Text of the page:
Intel Core i5-13600K has a remarkable performance in multi-thread

Intel Core i5-13600K

The launch of the new Raptor Lake-S desktop platform from Intel is upon us, the range is almost completely defined and in essence we shouldn’t have big surprises regarding the models compared to the current Alder Lake-S (Core 12th gen) models. In recent weeks there has been no lack of news on Core 13th gen processors; especially for the top of the range Core i9-13900K; spotted on several occasions that have confirmed the main peculiarity of these chips. An increase in the number of E-Cores with a consequent increase performance in multi-thread.

Today we have some benchmarks of the Core i5-13600K, heir to the excellent Core i5-12600K and very promising despite being still in the engineering phase (ES3 to be precise).

The new data comes from the Bilibili forum and, needless to say, are not definitive despite the useful information shared. Assuming that the clock rates and consumption may not be those of the retail variant, we immediately note that the Core i5-13600K will offer substantially the same configuration as the Core i5-12600K, except for the number of E-Cores (or efficient cores) that practically doubled, going from 4 to 8.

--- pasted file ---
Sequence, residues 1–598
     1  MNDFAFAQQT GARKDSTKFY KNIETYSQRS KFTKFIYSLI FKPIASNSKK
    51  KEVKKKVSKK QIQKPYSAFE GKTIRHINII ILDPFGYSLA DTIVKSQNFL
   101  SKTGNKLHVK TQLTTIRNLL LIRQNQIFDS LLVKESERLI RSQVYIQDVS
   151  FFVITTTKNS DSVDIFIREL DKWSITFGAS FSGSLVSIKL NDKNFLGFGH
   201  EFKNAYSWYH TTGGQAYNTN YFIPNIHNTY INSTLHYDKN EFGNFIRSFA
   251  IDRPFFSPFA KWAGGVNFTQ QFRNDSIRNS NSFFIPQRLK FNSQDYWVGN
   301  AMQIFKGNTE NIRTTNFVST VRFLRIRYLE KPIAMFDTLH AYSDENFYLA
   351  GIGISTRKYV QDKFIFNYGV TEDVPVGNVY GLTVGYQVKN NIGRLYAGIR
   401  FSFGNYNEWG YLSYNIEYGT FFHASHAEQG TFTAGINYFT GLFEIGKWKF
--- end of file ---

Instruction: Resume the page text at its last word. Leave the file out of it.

Intel Core i5-13600K benchmarks revealed

Core i5-13600K

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The CPU will therefore have 6 P-Cores and 8 E-Cores for a total of 14 cores and 20 threads; a number of cores higher than even the current Core i7-12700K which stops at 12 cores / 20 threads. (but with 8 P-Core and 4 E-Core).

Intel Core i5-13600K has a 5.1 GHz Boost frequency for the P-Cores; while the E-Cores should work at 3.9 GHz peak, increased in this case by an additional 100 MHz (i.e. 4 GHz). With these settings, the multi-core performance in Cinebench R23 outclasses that of its predecessor – Core i5-12600K – slightly beating that of the Core i7-12700K which, at factory settings, scores just over 23,000 points.

Core i5-13600K

Different speech in single-core where at the moment there seems to be some problem with the Turbo Boost management; which, at first glance, significantly affects the final score. Waiting for further tests, perhaps on a more recent sample; there is also talk of probable consumption which, in the retail version, should not exceed 160 watts. In addition to the increase in the number of cores, Raptor Lake-S should guarantee higher clock rates; along with an increase in the L2 / L3 cache and a faster third level cache; the debut will take place this fall together with the new motherboards with 700 series chipsets, always on LGA 1700 socket.

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